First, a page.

When I was about seven, I wanted to play the violin.

I’d always liked the sound of the violin, I liked the way they looked and I thought they were a lot more impressive than a guitar. Which is saying something, because I was pretty fascinated by my Dad’s guitar.

And even though I kept saying that I wanted to play the Violin, I think initially my Mum brushed it off as a flighting fancy. I was a hyperactive whirl wind of a child, and I couldn’t decide on what I wanted to be when I was older. I got bored with games quickly and I would flit from one thing to the other and back again to keep myself constantly entertained.

I’d be lying if I said I’d completely grown out of that now, but some of that still remains. I do constantly need something to do and I still flit from one thing to another.

Anyway, so, my Mum said no. She used to play the Violin when she was at school and she hated it. There were, of course, other reasons as to why she wouldn’t allow me to try and learn the violin.

First and foremost, they’re very expensive instruments and we were a very poor family. Some people say they’re poor and yet they can afford a car and the petrol costs on top. We couldn’t. We’ve never had a car, and if by some miracle we did, we wouldn’t have had the petrol money for it. We were really properly council housing and walking everywhere kind of poor.

So an expensive instrument I could potentially lose interest in? Not the wisest of investments. Expensive Instrument that would require expensive lessons to learn, in order to keep interest and motivation to play said instrument? A slightly better investment but even more out of our budget.

Of course, the biggest and most important reason my Mum had for not letting me have a violin, learn to play a violin, try and get some sort of really cheap deal going so that I could have a future in playing the voilin somewhat professionally so that the initial costs might pay off one day?

My disability. Which is why I can’t take it up now, even though I’d really like to.

Holding a violin for most children is awkward, but eventually bodies adapt, muscles build and tiring arms would stop being a problem. Between my back, my ill-proportioned body and my inability to sit comfortably on your average chair, it would have been a struggle to keep hold of a violin long enough to build up some sort of tolerance.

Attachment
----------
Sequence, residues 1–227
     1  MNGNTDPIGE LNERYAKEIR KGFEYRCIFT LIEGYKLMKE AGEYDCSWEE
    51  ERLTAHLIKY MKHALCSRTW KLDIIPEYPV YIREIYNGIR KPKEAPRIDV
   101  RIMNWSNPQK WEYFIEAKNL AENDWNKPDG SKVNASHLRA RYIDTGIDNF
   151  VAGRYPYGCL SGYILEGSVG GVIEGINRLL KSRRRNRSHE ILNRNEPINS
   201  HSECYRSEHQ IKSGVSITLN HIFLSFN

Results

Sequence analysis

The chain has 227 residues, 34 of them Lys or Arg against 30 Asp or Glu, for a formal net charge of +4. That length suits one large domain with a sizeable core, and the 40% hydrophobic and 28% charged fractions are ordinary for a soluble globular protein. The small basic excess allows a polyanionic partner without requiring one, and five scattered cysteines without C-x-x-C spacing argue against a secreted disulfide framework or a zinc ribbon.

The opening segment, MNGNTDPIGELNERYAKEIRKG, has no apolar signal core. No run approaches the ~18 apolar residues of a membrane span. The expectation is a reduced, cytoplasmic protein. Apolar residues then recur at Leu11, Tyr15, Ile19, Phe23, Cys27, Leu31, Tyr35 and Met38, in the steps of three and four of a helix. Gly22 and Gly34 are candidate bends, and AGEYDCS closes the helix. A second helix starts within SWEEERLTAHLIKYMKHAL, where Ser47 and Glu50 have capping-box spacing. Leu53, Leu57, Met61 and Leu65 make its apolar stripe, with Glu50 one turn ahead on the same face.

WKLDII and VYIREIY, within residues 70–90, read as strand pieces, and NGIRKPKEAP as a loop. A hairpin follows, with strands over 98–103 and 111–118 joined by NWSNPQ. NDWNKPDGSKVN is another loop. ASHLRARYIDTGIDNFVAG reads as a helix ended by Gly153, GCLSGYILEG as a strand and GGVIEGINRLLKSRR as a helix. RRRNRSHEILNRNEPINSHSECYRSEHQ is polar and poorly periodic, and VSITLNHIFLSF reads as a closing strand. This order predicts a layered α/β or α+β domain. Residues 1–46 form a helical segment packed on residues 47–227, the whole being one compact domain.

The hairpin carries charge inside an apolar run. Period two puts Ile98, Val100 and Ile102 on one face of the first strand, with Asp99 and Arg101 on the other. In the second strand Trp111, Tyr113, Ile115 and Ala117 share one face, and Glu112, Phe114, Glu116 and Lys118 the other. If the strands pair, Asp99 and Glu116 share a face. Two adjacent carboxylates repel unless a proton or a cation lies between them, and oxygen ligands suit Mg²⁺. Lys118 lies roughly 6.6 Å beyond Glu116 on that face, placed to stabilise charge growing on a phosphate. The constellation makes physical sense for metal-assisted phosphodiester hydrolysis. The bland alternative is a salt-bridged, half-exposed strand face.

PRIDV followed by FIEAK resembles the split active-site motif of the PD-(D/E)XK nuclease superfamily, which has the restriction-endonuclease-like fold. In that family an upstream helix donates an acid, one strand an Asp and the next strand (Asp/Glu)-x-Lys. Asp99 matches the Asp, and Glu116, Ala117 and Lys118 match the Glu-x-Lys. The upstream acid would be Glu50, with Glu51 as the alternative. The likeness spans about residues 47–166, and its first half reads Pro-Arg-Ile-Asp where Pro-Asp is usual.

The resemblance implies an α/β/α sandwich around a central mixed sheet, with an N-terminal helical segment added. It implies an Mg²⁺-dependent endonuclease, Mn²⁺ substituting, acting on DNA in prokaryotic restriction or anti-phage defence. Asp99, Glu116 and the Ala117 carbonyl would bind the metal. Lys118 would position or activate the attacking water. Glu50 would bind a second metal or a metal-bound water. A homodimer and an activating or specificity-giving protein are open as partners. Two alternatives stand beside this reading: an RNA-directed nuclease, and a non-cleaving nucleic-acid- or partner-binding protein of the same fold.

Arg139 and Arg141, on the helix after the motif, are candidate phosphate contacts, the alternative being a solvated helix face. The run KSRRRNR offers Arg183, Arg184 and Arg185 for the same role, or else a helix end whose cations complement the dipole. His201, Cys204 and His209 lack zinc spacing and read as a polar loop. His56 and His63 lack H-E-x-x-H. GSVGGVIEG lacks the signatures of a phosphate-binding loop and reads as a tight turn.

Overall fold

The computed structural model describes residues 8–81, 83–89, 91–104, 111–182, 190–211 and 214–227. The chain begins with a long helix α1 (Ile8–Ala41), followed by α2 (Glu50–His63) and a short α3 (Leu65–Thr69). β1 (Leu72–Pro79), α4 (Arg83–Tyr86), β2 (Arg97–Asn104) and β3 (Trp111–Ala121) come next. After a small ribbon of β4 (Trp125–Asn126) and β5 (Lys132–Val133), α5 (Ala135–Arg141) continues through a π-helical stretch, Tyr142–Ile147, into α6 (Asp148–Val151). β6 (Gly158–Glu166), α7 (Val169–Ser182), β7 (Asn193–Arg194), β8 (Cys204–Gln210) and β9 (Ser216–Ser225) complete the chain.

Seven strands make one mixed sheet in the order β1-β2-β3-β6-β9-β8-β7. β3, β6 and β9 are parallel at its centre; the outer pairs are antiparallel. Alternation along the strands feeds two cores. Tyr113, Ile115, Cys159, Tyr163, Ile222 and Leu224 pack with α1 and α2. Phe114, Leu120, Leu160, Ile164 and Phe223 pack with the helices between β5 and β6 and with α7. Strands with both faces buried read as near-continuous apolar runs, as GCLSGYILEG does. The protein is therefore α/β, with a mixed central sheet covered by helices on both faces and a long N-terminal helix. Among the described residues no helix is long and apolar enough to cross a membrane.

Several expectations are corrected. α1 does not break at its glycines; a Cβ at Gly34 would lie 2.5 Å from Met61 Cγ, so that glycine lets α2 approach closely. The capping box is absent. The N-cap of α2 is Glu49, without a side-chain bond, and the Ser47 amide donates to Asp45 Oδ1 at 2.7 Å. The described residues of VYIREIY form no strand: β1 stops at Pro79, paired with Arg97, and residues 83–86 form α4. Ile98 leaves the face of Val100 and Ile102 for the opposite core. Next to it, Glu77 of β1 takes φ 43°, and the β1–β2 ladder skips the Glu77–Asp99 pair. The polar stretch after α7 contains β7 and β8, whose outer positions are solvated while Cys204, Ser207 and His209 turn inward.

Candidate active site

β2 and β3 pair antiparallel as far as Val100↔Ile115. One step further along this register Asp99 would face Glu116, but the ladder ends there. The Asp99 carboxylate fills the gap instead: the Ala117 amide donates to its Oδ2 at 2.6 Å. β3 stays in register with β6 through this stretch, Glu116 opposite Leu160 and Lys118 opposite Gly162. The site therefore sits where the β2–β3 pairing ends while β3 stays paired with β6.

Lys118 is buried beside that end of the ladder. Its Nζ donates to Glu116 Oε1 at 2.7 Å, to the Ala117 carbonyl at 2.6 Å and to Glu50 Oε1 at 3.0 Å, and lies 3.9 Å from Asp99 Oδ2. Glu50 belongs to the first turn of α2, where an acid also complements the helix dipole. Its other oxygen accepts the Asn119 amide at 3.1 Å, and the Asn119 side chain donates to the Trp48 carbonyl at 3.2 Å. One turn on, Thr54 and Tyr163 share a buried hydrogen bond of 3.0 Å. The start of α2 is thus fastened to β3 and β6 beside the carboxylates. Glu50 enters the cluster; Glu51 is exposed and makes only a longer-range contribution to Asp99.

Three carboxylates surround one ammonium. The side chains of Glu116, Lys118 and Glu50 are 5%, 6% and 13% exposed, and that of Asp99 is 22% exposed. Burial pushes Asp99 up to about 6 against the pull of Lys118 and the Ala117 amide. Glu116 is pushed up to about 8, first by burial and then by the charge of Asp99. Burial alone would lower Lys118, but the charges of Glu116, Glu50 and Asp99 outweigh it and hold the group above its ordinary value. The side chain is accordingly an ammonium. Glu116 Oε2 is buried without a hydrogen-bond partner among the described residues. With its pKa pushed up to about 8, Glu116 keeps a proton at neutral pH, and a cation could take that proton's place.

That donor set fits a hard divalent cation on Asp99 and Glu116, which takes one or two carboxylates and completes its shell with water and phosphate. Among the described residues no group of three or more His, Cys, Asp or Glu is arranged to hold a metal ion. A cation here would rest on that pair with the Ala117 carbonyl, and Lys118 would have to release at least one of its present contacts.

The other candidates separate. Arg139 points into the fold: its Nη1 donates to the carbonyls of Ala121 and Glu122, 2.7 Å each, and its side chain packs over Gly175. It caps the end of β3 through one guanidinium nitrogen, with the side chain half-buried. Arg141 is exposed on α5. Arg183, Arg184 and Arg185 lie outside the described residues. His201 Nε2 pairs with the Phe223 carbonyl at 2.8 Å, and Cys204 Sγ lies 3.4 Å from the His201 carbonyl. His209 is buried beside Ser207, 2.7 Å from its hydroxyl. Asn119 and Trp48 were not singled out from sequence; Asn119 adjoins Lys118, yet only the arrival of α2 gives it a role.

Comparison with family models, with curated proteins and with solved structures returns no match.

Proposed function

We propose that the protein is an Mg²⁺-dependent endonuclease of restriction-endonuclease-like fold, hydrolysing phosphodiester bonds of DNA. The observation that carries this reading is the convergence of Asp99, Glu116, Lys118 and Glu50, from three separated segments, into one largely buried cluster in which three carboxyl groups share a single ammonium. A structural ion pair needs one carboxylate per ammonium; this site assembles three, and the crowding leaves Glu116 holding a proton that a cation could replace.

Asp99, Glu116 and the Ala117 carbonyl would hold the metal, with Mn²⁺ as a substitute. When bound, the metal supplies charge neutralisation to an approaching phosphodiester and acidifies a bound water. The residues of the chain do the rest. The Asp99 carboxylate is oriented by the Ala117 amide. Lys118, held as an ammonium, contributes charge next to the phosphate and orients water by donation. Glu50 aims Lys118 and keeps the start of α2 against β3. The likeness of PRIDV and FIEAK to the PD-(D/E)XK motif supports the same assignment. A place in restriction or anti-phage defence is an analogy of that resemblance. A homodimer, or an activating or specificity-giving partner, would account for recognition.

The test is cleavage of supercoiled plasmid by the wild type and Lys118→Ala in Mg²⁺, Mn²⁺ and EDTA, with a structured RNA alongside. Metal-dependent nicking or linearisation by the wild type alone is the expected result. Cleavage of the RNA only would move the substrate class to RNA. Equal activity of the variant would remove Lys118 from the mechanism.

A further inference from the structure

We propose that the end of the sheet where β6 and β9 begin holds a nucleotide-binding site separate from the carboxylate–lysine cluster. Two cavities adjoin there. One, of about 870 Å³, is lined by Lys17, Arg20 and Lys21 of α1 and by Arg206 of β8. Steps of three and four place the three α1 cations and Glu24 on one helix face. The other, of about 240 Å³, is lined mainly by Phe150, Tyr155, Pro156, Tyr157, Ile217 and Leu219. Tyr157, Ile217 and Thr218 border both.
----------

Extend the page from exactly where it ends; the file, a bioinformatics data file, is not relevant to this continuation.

The older that I’ve got, the worse my body’s got. Sad, but true.

But I just wish I’d have gotten a chance to just try. I wish my primary school had had a violin in the instrument trolley, in amongst the rainsticks, xylophones, bongos, tambourines, triangles, maracas and other instruments that I don’t know the name of.

I remember being given a variety of instruments that needed to go on my knees, except they needed two hands to be played but I didn’t have a good way to sit on a chair that would have stopped the instrument from slipping out of place. I refused to play any wind instruments cos I was a germophobe, and I never saw them wash the mouth pieces. I didn’t even drink out of the same cup as my brother at home, I wasn’t going to share a musical instrument that had been emerged in someone else’s mouth.

So that left me with instruments I had to shake, twirl, spin or flick. Not exactly a set of instruments that you’d find a demand of in the Royal Philharmonic Orchestra.

And I listen to music today with violins in, in fact I go out of my way to buy violin-based music, and I’m just as mesmerised. And it takes me back to when I was seven and wanting a violin. I can’t help but feel cheated out of something.

At least I could play the guitar, had a shot of the drums and gave the keyboard a go. The Violin has always been out of my reach.

And of course people have turned around to me and said I should give the Violin a go anyway. I feel like these people are living in a dream-zone. I can’t spend £500 on a semi-decent instrument, a further £100 on what I’m led to believe would be a low-quality bow, and all the extra expenses of polishes, resins, cleaning materials, strings on top on a whim, to see how well, or how badly, I’d be able to cope in learning to try and play the violin.

The problem is this new polar opposite attitude some people have towards disabilities. It is the exact opposite situation to where we were all ignored and considered useless. No, this new attitude brings a blindness to disability in such a way it’s just as harmful, in the hands of the wrong people. So what if I have a back that collapsed and nerve damage down my right arm! Stephen Hawking has a form of Motor Neuron Disease and he’s still giving life a go!*

Yes, it’s all wonderful that people have faith in us disabled people these days to be on par with the rest of society, now that we have the Equal Opportunities Movement. There’s practically no good reason, in these people with these opinion’s minds, for anyone with a disability to not at least try.

Except sometimes disabilities do actually impose physical impossibilities and do actually hold us back in life, in some circumstances; and holding a violin well and truly comfortable enough to play one song probably is one of them. It would be a large waste of money, that quite frankly needs to go elsewhere, just to see.